Format

Send to

Choose Destination
Acad Med. 2018 Dec 4. doi: 10.1097/ACM.0000000000002546. [Epub ahead of print]

Do Mindfulness and Self-Compassion Predict Burnout in Pediatric Residents?

Author information

1
K.J. Kemper is founding director, Center for Integrative Health and Wellness and professor of pediatrics, The Ohio State University, Columbus, Ohio. H. McClafferty is director, Pediatric Integrative Medicine in Residency Program and co-director, the Fellowship in Integrative Medicine, The University of Arizona Center for Integrative Medicine, The University of Arizona College of Medicine, Tucson, Arizona. P.M. Wilson is assistant professor, Division of Emergency Medicine, Children's Hospital of Pittsburgh and the University of Pittsburgh, Pittsburgh, Pennsylvania. J.R. Serwint is professor emeritus of pediatrics, Johns Hopkins University, Baltimore, Maryland. M. Batra is associate program director, Pediatric Residency Program and associate professor of pediatrics, Seattle Children's Hospital and the University of Washington in Seattle, Washington. J.D. Mahan is director, Pediatric Residency Program and professor of pediatrics, Nationwide Children's Hospital and The Ohio State University, Columbus, Ohio. C.J. Schubert is professor of pediatrics, Cincinnati Children's Hospital Medical Center and The University of Cincinnati, Cincinnati, Ohio. B.B. Staples is director, Pediatric Residency Program and associate professor of pediatrics, Duke University Medical Center, Durham, North Carolina. A. Schwartz is Michael Reese Endowed Professor of Medical Education and director of research, University of Illinois College of Medicine, Chicago, Illinois, and data analyst, Association of Pediatric Program Directors Longitudinal Educational Assessment Research Network.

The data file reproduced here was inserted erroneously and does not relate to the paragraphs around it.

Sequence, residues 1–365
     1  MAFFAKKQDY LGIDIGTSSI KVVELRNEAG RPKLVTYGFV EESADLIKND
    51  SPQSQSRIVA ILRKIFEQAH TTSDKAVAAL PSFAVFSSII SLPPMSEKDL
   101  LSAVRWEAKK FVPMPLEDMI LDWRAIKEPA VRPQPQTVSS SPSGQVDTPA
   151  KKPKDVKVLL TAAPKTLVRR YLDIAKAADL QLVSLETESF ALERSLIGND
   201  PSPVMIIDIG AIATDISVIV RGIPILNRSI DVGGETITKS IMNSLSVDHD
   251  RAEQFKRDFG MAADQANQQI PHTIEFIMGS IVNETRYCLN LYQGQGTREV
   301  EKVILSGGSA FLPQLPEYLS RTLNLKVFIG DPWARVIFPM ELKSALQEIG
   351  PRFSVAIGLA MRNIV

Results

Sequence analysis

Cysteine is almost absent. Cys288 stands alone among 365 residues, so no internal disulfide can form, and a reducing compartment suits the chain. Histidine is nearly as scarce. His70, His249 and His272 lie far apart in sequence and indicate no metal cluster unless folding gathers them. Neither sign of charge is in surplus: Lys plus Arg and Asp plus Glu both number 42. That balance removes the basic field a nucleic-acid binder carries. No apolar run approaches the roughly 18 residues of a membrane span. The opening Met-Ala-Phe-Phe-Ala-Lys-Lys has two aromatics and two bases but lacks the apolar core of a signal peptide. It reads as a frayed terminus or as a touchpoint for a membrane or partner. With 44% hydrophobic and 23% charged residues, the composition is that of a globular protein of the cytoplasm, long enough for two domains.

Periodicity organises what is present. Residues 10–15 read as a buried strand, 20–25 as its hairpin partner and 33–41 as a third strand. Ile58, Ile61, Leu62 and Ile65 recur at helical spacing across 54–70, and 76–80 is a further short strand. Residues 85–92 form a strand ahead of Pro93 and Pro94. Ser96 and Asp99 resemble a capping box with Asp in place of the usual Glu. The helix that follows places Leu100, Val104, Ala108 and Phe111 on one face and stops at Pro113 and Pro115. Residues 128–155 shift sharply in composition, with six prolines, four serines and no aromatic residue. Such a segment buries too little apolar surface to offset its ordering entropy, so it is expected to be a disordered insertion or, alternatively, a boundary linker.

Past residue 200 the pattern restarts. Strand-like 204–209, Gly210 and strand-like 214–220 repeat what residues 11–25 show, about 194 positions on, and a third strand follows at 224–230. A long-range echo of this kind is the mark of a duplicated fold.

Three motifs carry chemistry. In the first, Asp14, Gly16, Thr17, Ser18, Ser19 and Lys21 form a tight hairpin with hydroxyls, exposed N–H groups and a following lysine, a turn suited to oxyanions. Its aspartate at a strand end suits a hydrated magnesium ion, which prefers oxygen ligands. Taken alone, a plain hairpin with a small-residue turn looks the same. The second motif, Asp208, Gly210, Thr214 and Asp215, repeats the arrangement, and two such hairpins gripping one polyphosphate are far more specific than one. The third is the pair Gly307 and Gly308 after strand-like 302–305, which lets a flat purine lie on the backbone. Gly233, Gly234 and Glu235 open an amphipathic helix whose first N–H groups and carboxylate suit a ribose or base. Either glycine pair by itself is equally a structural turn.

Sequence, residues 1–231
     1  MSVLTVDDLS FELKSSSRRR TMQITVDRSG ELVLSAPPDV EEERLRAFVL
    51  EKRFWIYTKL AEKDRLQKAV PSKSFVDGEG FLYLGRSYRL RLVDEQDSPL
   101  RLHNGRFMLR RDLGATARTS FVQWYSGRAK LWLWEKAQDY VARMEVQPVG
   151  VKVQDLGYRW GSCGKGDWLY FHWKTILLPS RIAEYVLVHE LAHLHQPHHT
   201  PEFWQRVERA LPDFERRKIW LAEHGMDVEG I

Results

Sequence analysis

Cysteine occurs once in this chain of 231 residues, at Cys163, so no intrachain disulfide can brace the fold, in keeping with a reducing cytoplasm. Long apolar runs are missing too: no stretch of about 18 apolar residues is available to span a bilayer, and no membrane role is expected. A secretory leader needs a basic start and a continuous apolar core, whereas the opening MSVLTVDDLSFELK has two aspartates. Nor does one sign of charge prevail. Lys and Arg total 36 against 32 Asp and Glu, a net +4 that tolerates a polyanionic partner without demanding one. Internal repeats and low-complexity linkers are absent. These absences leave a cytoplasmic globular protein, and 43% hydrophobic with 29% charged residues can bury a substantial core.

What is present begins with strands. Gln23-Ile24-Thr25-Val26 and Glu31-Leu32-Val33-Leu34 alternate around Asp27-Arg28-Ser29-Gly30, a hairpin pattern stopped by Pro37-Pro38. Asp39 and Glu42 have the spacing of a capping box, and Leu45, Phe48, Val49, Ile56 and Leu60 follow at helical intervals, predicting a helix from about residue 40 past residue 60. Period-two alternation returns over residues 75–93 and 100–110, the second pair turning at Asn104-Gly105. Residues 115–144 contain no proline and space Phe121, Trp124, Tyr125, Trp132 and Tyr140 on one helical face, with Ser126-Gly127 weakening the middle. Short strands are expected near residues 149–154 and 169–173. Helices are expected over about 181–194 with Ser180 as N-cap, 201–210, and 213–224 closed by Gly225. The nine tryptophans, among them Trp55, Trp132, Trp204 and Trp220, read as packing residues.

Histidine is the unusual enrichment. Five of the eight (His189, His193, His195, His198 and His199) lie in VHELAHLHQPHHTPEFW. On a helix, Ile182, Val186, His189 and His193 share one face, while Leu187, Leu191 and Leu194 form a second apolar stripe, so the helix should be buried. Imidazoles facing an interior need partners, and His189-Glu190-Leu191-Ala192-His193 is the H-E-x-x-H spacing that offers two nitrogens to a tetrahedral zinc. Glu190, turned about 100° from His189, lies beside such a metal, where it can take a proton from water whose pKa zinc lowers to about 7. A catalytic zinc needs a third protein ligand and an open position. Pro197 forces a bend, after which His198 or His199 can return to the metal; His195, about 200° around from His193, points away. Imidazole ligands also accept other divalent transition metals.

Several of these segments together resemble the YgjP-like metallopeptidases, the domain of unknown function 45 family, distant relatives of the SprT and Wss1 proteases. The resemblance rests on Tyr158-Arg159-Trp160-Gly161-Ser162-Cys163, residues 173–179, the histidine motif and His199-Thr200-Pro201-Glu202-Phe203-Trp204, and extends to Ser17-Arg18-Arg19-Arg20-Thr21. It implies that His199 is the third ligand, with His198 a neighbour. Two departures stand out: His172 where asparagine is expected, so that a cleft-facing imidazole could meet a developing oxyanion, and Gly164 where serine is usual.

Abstract

PURPOSE:

Burnout symptoms are common among health professionals. Gaps remain in understanding both the stability of burnout and compassion over time and relationships among burnout, self-compassion, stress, and mindfulness in pediatric residents.

METHOD:

The authors conducted a prospective cohort study of residents at 31 U.S. residency programs affiliated with the Pediatric Resident Burnout - Resilience Study Consortium. Residents completed online cross-sectional surveys in spring 2016 and 2017. The authors assessed demographic characteristics and standardized measures of mindfulness, self-compassion, stress, burnout, and confidence in providing compassionate care.

RESULTS:

Of 1,108 eligible residents, 872 (79%) completed both surveys. Of these, 72% were women. The prevalence of burnout was 58% and the level of mindfulness was 2.8 in both years; levels of stress (16.4 and 16.2), and self-compassion (37.2 and 37.6) were also nearly identical in both years. After controlling for baseline burnout levels in linear mixed model regression analyses, mindfulness in 2016 was protective for levels of stress and confidence in providing compassionate care in 2017. Self-compassion in 2016 was protective for burnout, stress, and confidence in providing compassionate care in 2017; one standard deviation increase in self-compassion score was associated with a decrease in the probability of burnout from 58% to 48%.

CONCLUSIONS:

Burnout and stress were prevalent and stable over at least 12 months among pediatric residents; mindfulness and self-compassion were longitudinally associated with lower stress and greater confidence in providing compassionate care. Future studies are needed to evaluate the effectiveness of training that promotes mindfulness and self-compassion in pediatric residents.

Supplemental Content

Full text links

Icon for Wolters Kluwer
Loading ...
Support Center